Bulimia Nervosa

What is bulimia?

Bulimia is an eating disorder. It
is marked by uncontrolled episodes of overeating, called bingeing. This is followed by
purging with methods such as vomiting or misuse of laxatives. Bingeing is eating much
larger amounts of food than you would normally eat in a short period of time, often less
than 2 hours. You may feel like you can’t stop or control these episodes of
binge-eating.

The binge-purge cycles can happen from many times a day to several times a week.

Often people with bulimia have a
normal or above normal body weight. This lets them hide their problem for years. Many
people with bulimia don’t get help until they reach ages 30 to 50. By this time, their
eating behavior is deeply rooted and harder to change.

There are 2 ways people with
bulimia restrict calories:

  • Purging type. The person engages in self-induced vomiting or misuse of laxatives, diuretics, or enemas, or other medicines that clear the intestines.
  • Nonpurging type. The person uses other behaviors, such as fasting or excessive exercise, rather than purging behaviors.

What causes bulimia?

Experts don’t know what causes bulimia. Society and cultural ideals
that value certain body weights and shapes play a role. There is also a genetic link as
eating disorders tend to run in families.

Who is at risk for bulimia?

Bulimia most often affects females and starts during the teen years.
But it can also affect males. People with bulimia are more likely to come from families
with a history of eating disorders, physical illness, and other mental health problems.
Other illnesses are also common in people with bulimia. These include substance abuse,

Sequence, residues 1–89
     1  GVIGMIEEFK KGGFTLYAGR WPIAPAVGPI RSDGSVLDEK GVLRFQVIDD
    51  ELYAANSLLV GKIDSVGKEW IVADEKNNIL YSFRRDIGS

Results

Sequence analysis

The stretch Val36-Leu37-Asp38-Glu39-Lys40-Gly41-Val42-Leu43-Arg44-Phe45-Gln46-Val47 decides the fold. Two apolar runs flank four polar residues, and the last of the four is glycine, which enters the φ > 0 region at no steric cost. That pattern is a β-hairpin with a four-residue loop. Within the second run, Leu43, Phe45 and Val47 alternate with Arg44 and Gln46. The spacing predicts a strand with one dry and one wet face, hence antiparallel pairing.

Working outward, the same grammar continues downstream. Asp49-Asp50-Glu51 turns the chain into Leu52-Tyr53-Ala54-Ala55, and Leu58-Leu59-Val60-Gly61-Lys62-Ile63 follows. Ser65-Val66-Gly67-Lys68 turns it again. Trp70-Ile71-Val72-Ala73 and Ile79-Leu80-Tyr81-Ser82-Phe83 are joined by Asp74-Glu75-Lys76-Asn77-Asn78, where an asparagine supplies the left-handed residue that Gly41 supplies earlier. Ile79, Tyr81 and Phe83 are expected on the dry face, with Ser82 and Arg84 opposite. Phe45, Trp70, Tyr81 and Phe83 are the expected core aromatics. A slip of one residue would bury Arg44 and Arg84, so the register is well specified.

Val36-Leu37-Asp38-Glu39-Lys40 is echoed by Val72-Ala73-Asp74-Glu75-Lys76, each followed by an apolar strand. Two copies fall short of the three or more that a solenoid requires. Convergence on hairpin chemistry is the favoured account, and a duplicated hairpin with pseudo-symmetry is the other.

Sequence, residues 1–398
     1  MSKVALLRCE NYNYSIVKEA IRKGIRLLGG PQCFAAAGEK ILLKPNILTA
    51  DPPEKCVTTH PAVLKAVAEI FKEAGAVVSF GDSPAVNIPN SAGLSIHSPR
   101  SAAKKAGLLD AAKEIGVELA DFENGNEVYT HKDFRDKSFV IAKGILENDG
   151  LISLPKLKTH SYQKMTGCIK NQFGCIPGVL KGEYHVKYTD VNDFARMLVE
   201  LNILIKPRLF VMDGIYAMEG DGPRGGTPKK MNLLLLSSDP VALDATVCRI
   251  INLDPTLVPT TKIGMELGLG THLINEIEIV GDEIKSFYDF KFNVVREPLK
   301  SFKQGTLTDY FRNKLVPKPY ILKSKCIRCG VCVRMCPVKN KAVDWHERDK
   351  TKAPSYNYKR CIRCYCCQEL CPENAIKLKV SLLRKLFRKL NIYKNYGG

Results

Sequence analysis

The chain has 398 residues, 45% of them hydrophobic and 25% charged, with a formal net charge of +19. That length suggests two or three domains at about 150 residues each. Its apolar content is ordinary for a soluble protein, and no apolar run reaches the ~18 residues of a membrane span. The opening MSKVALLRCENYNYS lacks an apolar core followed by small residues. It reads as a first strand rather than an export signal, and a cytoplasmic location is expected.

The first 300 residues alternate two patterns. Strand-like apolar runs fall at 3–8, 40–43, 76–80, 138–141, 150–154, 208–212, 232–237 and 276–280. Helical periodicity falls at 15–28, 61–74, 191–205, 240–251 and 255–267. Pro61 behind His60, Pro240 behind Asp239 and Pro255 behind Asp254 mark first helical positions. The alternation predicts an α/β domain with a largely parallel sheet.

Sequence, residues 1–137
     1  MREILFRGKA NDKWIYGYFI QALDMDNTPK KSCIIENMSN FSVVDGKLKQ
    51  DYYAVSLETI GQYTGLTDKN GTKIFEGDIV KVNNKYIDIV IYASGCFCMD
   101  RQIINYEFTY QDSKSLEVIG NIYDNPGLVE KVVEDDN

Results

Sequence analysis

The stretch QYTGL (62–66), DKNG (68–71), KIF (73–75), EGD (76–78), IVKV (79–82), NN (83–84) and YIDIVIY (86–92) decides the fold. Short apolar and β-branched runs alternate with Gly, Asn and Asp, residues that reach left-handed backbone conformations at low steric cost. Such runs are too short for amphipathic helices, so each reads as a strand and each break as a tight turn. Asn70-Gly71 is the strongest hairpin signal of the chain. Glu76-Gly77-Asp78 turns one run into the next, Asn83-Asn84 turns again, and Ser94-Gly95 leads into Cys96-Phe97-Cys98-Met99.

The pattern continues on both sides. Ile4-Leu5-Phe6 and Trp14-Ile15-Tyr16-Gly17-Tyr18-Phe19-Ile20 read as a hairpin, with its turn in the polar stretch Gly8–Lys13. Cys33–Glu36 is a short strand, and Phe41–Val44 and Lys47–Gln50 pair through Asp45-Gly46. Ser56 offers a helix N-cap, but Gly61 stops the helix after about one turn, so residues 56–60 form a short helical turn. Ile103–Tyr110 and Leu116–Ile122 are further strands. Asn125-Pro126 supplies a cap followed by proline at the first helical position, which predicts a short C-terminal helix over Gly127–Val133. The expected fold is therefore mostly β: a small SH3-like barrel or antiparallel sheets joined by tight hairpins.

anxiety disorders, and mood disorders.

What are the symptoms of bulimia?

These are the most common symptoms of bulimia: 

  • Often a normal or above average body weight
  • Repeated episodes of binge eating and fear of not being able to stop eating
  • Self-induced vomiting (often in secret)
  • Excessive exercise
  • Excessive fasting
  • Odd eating habits or rituals
  • Incorrect use of laxatives or diuretics
  • Irregular menstrual periods or no periods at all
  • Anxiety
  • Discouraged feelings linked to dissatisfaction with themselves and the way their body looks
  • Depression
  • Preoccupation with food, weight, and body shape
  • Throat is always inflamed or sore
  • Tiredness and less energy
  • Dental problems due to erosion of tooth enamel from vomiting

Most people with eating disorders also share certain traits including:

  • Low self-esteem
  • Feelings of helplessness
  • Fear of getting fat
  • Intense unhappiness with their body shape and size

If you have bulimia, you may binge to reduce stress and ease anxiety.

  • With binge eating comes guilt, disgust, and depression.
  • Purging brings only short-term relief.
  • You may be impulsive and more likely to take part in risky behaviors, such as alcohol and drug abuse.

The symptoms of bulimia may seem like other health problems or mental health conditions. Always talk with a healthcare provider for a diagnosis.

How is bulimia diagnosed?

You likely keep your bingeing and
purging secret. This is so family, friends, and healthcare providers won’t know about
it. If you get help from a healthcare provider for bulimia, he or she will want to get a
detailed history of your behaviors from you, your family, parents, and others. Sometimes
psychological testing is done.

Blood tests may be done to check overall health and nutritional status.

Early treatment can often prevent future problems. Bulimia, and the malnutrition that results, can affect nearly every organ system in the body. Bulimia can be deadly. If you suspect bulimia, talk with a healthcare provider for more information.